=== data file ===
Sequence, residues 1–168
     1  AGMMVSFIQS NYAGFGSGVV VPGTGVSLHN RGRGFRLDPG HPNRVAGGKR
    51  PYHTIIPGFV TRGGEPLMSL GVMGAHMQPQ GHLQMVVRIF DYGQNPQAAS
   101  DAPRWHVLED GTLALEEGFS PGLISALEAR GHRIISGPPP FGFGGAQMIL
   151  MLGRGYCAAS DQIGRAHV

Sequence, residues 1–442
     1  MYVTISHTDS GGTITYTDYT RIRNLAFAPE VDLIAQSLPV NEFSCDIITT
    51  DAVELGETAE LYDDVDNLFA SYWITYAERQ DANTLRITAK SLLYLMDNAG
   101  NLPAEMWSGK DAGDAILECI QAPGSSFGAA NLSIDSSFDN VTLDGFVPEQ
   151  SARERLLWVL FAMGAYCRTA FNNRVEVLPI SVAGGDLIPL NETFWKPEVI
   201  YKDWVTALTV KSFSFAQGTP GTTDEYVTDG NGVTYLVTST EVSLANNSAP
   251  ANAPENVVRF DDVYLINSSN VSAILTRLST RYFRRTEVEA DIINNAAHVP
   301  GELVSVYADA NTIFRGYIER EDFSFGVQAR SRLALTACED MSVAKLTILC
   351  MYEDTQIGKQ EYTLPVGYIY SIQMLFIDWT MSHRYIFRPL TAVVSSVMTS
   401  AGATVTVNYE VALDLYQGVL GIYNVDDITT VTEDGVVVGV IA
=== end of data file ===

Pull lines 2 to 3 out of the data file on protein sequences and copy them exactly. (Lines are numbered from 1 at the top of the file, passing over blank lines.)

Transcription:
     1  AGMMVSFIQS NYAGFGSGVV VPGTGVSLHN RGRGFRLDPG HPNRVAGGKR
    51  PYHTIIPGFV TRGGEPLMSL GVMGAHMQPQ GHLQMVVRIF DYGQNPQAAS